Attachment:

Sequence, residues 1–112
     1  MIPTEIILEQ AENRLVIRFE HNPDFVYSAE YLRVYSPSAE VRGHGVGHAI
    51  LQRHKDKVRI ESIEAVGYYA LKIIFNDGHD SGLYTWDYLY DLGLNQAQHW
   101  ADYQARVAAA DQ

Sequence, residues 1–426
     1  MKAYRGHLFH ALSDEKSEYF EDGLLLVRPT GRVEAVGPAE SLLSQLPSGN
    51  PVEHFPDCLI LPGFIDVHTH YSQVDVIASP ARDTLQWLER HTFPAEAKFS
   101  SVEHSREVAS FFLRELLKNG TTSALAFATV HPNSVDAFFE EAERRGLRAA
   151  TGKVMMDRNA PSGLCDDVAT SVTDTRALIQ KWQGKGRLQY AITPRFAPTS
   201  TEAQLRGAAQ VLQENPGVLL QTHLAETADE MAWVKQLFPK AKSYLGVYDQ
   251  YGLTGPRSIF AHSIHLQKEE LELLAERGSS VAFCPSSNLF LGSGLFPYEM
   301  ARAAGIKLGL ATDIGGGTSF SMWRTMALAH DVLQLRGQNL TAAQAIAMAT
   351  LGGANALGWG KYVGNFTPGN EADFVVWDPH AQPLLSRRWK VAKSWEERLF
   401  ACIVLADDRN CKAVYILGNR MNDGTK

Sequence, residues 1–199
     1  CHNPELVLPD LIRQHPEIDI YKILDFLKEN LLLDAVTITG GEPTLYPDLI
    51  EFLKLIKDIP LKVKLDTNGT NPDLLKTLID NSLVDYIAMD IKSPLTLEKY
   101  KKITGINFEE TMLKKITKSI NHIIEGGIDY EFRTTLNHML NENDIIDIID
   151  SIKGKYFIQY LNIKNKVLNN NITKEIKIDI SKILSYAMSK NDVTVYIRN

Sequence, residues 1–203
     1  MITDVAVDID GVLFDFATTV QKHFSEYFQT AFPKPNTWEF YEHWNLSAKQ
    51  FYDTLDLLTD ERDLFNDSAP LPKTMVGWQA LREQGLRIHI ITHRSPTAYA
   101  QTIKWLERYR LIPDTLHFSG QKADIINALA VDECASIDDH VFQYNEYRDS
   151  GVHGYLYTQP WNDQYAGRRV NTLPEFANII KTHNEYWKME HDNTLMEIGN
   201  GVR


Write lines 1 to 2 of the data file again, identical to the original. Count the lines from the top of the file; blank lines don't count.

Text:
Sequence, residues 1–112
     1  MIPTEIILEQ AENRLVIRFE HNPDFVYSAE YLRVYSPSAE VRGHGVGHAI